Russia’s recent military buildup in Syria is consistent with protecting its own forces in the country, Secretary of State John Kerry said during a press conference on Tuesday.
“It is the judgment of our military and most experts,” Kerry said, “that the level and type represents basically force protection.”
Kerry’s remarks came after reports that Russia had added aerial support — including drones, attack helicopters and aircraft — to its forces in Syria’s Latakia province.
Moscow and Washington disagree on how to solve Syria’s four-year civil war, which has killed more than 200,000 people and displaced millions. While Russia has supported Syrian President Bashar Assad for years, the U.S. believes Assad’s abnegation of power is critical to peace.
“If they are there to shore up Assad and to simply stand there in a way that provides Assad with continued sense that he doesn’t have to negotiate,” Kerry said about Russia, “then I think it’s a problem for Syria and it’s a problem for everybody who wants to bring an end to this conflict which has gone on for too long now.”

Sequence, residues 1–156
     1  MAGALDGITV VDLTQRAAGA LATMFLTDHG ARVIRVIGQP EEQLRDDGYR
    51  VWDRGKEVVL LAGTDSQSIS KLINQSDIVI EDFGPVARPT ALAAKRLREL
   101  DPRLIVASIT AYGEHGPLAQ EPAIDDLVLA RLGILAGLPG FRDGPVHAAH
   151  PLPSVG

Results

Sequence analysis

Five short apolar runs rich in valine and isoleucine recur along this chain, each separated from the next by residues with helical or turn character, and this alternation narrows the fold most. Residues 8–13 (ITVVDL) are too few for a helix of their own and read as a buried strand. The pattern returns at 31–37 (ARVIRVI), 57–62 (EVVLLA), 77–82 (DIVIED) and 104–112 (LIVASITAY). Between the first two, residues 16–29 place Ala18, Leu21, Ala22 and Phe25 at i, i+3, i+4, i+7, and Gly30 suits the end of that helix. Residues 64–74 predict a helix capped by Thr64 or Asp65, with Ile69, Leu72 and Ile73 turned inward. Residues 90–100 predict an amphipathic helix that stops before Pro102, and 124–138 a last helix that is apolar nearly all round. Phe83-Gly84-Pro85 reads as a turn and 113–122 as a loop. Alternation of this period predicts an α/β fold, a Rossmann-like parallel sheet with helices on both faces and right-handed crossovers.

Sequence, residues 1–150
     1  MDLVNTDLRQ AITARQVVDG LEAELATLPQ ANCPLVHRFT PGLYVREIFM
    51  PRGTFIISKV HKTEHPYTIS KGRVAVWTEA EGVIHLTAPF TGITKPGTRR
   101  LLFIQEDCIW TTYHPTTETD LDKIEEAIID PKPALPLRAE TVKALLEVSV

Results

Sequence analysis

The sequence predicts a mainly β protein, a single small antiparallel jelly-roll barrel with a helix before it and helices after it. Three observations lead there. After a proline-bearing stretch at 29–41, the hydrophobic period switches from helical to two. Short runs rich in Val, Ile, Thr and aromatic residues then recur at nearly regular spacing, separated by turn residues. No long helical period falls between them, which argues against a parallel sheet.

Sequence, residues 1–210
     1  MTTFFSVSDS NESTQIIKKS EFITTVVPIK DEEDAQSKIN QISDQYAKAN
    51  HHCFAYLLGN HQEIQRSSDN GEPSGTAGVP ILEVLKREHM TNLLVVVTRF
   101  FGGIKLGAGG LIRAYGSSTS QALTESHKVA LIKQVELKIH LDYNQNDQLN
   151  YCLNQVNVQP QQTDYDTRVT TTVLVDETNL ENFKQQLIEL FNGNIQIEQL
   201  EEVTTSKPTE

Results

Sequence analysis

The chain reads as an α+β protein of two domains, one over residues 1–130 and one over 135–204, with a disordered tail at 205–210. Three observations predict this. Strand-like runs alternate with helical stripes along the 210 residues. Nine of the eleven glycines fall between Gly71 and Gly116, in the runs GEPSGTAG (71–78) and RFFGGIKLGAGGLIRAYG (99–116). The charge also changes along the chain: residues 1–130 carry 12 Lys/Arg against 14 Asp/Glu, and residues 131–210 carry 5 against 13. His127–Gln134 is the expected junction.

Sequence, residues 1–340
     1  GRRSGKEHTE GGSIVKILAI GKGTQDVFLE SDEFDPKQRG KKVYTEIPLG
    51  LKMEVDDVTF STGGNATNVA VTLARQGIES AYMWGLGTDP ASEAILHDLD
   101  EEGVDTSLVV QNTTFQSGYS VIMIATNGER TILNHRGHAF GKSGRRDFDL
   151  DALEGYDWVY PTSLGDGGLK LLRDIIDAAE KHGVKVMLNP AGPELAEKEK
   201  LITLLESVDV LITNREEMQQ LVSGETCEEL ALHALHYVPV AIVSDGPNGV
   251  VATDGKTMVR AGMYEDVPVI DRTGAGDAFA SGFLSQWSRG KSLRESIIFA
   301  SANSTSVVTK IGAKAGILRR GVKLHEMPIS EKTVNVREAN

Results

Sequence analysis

Kerry said Moscow’s long-term plans in Syria are still unclear, but he added the U.S. is prepared to work with them on diplomatic solutions. The two nations share some goals.
“We both want to see ISIL destroyed and defeated and gone,” Kerry said, using an alternative acronym for the militant group Islamic State of Iraq and Greater Syria (ISIS). To this end, the U.S. leads coalition air strikes against ISIS. Russia’s Foreign Ministry has also claimed that its military aid to Syria is aimed at fighting terrorism.
The U.S. is not the only nation concerned with Russia’s military presence in Syria, however.
During a visit to Moscow on Monday, Israeli Prime Minister Benjamin Netanyahu said he had agreed with Russian President Vladimir Putin to coordinate military actions over Syria to avoid any exchange of fire. Israeli planes have veered outside its borders during attacks on suspected arms shipments to Hizballah, Reuters reported.
Kerry will have an opportunity to raise a negotiated solution to the conflict in Syria when he speaks with his European and Middle Eastern counterparts during the U.N. General Assembly next week.